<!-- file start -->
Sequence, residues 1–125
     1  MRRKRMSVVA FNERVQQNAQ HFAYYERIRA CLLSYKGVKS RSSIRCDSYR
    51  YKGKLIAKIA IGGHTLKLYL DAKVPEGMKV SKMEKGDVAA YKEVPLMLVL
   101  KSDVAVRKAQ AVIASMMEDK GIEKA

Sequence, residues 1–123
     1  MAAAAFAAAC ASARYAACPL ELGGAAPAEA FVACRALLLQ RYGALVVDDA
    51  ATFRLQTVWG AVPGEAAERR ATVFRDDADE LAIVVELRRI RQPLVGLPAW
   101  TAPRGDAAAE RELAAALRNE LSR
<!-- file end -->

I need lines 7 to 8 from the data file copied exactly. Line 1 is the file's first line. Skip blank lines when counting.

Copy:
    51  ATFRLQTVWG AVPGEAAERR ATVFRDDADE LAIVVELRRI RQPLVGLPAW
   101  TAPRGDAAAE RELAAALRNE LSR